Analysis of particulate matter

Aerosols are solid particles or liquid droplets in a gas, mostly air. The particles can be classified according to their size, whereby particles with an aerodynamic diameter of less than 2.5 µm are called fine particulate matter or PM2.5. The atmospheric PM fine may stem from different natural sources, such as sea salt, volcanic activity, spores or pollen, but also from various anthropogenic emission sources, most likely traffic, industrial incineration plants or residential wood combustion (etc.) and can also be formed by secondary reactions in the atmosphere. Due to their small aerodynamic diameter PM2.5 particles may penetrate deeply in to the lung thus health effects may occur. Furthermore, particles may influence the earth’s radiation balance and so affect the climate. That’s why a comprehensive chemical characterization of particulate matter is of growing interest [1].

Modified thermal-optical carbon analysis

Thermal-optical carbon analysis (TOCA) is one standard method for the characterization of PM fine. Collected on quartz fibre filters, PM is subjected to a specific temperature program and organic matter is desorbed and pyrolyzed in four thermal fractions in an inert helium atmosphere. The evolved compounds are oxidized to CO2 and water subsequently by a manganese dioxide catalyst. The formed carbon dioxide is reduced catalytically by a nickel catalyst and molecular hydrogen to methane which is quantified by a flame ionization detector (FID) afterwards. Carbon that can be detected in the first four fractions is referred as organic carbon (OC), where the carbon that can only be detected in a He/O2 atmosphere is referred as elemental carbon (EC) [2].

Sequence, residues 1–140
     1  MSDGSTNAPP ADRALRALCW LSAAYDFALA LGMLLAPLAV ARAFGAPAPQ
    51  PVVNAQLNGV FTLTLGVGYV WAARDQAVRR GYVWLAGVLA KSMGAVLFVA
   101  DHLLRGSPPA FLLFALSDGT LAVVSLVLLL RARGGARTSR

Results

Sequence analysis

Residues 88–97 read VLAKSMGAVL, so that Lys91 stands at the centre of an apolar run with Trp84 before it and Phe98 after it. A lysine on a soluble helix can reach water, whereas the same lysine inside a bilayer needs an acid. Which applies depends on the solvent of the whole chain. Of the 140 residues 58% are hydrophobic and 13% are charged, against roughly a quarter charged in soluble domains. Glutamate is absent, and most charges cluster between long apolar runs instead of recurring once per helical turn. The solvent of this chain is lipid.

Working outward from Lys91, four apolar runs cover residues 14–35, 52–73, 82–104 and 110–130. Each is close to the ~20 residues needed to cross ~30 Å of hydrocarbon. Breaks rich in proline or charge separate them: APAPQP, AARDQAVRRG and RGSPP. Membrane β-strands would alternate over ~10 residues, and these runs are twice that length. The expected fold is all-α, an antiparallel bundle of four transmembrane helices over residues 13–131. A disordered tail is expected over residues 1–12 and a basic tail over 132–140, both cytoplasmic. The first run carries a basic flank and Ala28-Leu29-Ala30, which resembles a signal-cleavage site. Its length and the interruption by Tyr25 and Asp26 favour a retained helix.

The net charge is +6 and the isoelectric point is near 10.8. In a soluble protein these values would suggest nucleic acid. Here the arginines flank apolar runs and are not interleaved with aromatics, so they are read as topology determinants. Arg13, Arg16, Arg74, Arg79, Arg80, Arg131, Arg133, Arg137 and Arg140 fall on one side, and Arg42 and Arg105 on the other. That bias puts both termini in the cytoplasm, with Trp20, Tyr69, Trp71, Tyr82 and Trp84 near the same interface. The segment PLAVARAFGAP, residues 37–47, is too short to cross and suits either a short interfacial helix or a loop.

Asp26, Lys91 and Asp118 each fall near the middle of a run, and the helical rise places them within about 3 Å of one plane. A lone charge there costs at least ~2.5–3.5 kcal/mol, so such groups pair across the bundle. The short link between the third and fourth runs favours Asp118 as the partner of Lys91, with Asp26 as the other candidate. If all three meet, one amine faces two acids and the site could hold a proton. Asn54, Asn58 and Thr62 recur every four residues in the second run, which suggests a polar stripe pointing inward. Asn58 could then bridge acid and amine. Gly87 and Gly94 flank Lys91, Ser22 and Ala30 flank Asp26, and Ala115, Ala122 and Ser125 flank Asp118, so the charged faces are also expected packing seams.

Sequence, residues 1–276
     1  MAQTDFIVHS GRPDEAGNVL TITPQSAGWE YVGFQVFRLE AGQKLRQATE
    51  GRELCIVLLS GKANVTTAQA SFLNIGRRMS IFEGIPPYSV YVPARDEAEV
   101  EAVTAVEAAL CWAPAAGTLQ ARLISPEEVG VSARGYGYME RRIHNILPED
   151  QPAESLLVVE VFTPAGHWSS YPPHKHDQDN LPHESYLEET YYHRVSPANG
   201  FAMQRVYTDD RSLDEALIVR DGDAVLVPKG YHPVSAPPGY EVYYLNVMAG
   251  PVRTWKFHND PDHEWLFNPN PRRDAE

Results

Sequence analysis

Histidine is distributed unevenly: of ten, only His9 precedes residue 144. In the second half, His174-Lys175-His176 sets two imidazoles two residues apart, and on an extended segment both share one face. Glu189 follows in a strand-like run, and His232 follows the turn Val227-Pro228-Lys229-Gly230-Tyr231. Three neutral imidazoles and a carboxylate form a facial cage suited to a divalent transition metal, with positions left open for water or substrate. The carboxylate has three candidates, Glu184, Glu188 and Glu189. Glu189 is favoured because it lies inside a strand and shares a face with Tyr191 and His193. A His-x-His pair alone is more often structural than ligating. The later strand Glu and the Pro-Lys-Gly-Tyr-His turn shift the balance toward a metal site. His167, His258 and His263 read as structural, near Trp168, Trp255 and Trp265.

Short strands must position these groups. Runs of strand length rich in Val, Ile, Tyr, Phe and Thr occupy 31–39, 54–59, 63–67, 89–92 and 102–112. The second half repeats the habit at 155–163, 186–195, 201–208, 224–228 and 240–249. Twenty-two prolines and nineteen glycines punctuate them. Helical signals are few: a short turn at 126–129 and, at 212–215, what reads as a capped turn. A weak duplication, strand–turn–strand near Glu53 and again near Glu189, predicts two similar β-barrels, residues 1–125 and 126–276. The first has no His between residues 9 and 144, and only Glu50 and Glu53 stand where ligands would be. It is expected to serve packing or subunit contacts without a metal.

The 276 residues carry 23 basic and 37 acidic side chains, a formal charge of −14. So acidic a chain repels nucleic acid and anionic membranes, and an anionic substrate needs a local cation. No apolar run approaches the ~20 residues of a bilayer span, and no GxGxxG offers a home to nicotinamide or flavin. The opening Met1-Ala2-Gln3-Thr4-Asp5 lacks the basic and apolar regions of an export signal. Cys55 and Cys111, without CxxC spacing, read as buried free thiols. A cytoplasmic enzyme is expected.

By a modification of the TOCA instrument a minor part of the not yet oxidized sample gas flow is transferred to a photoionization time-of-flight mass spectrometer [3]. Evolved compounds are ionized softly and can be detected almost fragment free, which provides an insight into chemistry behind OC and results in a fingerprint for each fraction. A deeper description of this analytical method and different ionization mechanisms can be found in the article On-line combustion analysis.



[1] Schnelle-Kreis J, Sklorz M, Herrmann H, Zimmermann R. Atmosphärische Aerosole: Quellen, Vorkommen, Zusammensetzung. Chem. Unserer Zeit 2007;41(3):220–30.

[2] Chow JC, Watson JG, Chen L-WA, Chang MO, Robinson NF, Trimble D et al. The IMPROVE_A Temperature Protocol for Thermal/Optical Carbon Analysis: Maintaining Consistency with a Long-Term Database. Journal of the Air & Waste Management Association 2007;57(9):1014–23.

[3] Grabowsky J, Streibel T, Sklorz M, Chow JC, Watson JG, Mamakos A et al. Hyphenation of a carbon analyzer to photo-ionization mass spectrometry to unravel the organic composition of particulate matter on a molecular level. Anal Bioanal Chem 2011;401(10):3153–64.